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ASAIO J. 2015 Nov-Dec;61(6):710-7. doi: 10.1097/MAT.0000000000000265.

Peptide-Mediated PEGylation of Polysulfone Reduces Protein Adsorption and Leukocyte Activation.

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From the *Department of Medical Microbiology and Immunology, University of Alberta, Edmonton, Alberta; and †Department of Medicine, University of Calgary, Calgary, Alberta, Canada. Dr. Davis is currently at University of Arkansas for Medical Sciences, Little Rock, Arkansas.


The exposure of blood to bioincompatible materials used for dialysis triggers leukocyte activation and protein adsorption. We describe a single-step, postmanufacturing method for surface modification to create biomaterials used in medical devices and dialysis with altered surface characteristics. Peptides derived from the receptor-binding domain of the type IV pilin of Pseudomonas aeruginosa were synthesized using L and D-amino acids to generate L-K122-4, enantiomer D-K122-4, and D-retroinverso RI-K122-4 peptides. L-K122-4, D-K122-4, and RI-K122-4 peptides, but not control peptides, bound durably to the surfaces of materials used in medical devices and dialysis including silicone and polysulfone. D-K122-4 enantiomeric peptides were protease resistant on polysulfone and could remain bound to the surface for up to 28 days. To demonstrate that K122-4 peptides could be used to modify material surfaces, D-K122-4 peptide was conjugated to polyethylene glycol (D-K122-4-PEG) and applied to polysulfone. When compared with untreated material, D-K122-4-PEG reduced the surface adsorption of albumin or immunoglobulin G to polysulfone. In coincubation experiments, although uncoated polysulfone induced pro-interleukin-1β cytokine expression in leukocytes, cellular activation was prevented when leukocytes were incubated with D-K122-4-PEG-modified polysulfone. These data demonstrate the proof of principle that K122-4 peptides can be applied to modify the surface characteristics of materials used for dialysis.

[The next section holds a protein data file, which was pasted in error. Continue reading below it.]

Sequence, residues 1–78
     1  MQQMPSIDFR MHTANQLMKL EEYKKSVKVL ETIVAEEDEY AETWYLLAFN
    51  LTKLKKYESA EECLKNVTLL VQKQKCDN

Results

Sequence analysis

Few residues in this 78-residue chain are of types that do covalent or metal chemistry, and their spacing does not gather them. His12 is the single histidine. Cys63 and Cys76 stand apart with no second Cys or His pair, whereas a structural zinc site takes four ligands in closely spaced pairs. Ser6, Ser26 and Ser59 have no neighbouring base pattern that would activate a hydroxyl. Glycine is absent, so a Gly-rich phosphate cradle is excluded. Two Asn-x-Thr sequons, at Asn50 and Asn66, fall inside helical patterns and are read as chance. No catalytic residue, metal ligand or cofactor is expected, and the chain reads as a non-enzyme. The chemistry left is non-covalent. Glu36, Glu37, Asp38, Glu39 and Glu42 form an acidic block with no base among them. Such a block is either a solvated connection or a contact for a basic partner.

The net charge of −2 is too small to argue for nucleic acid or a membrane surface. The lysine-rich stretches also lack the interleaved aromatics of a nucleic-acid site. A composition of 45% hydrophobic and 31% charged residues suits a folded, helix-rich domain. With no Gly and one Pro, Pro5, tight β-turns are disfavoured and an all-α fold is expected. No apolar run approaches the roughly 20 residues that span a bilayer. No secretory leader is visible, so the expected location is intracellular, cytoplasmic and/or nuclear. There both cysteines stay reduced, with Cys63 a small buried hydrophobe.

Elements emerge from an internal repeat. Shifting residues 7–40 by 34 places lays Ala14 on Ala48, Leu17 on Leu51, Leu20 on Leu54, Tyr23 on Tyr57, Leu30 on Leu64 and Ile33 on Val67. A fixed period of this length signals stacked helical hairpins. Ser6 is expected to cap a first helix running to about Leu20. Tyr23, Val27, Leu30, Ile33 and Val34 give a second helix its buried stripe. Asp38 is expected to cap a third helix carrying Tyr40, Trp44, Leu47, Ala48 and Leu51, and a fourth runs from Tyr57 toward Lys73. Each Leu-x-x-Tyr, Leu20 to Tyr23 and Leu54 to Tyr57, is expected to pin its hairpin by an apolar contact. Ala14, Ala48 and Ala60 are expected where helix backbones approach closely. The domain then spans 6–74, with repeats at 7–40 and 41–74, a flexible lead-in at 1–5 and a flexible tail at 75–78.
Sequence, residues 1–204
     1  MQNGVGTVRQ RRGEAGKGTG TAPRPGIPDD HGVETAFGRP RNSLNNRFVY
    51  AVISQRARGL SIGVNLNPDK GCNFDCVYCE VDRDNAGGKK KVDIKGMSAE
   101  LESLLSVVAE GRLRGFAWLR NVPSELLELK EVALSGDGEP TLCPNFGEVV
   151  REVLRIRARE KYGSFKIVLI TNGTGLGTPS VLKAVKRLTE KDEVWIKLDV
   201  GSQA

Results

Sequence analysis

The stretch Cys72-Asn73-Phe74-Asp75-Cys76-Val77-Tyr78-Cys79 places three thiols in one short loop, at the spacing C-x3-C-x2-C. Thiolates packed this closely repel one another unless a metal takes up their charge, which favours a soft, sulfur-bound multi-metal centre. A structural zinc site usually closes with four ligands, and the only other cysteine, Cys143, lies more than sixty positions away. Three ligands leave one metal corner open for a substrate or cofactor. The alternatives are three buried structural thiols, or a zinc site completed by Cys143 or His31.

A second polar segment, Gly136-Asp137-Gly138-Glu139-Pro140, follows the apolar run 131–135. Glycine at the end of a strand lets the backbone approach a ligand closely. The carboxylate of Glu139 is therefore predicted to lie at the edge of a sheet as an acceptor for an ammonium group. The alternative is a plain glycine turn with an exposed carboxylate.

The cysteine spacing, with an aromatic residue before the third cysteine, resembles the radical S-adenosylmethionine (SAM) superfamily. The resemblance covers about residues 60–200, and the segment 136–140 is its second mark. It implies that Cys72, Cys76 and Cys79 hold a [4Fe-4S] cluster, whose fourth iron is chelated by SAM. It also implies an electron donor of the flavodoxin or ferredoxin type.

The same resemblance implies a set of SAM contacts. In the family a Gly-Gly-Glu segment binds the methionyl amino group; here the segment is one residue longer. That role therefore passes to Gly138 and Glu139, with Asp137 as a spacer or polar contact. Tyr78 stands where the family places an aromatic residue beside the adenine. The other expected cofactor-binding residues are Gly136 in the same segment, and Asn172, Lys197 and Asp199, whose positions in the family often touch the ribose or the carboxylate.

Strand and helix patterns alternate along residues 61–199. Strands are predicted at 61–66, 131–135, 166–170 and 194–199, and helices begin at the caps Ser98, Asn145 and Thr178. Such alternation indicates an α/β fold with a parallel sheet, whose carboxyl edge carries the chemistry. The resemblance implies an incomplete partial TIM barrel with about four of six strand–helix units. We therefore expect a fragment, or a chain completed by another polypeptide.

[Indexed for MEDLINE]

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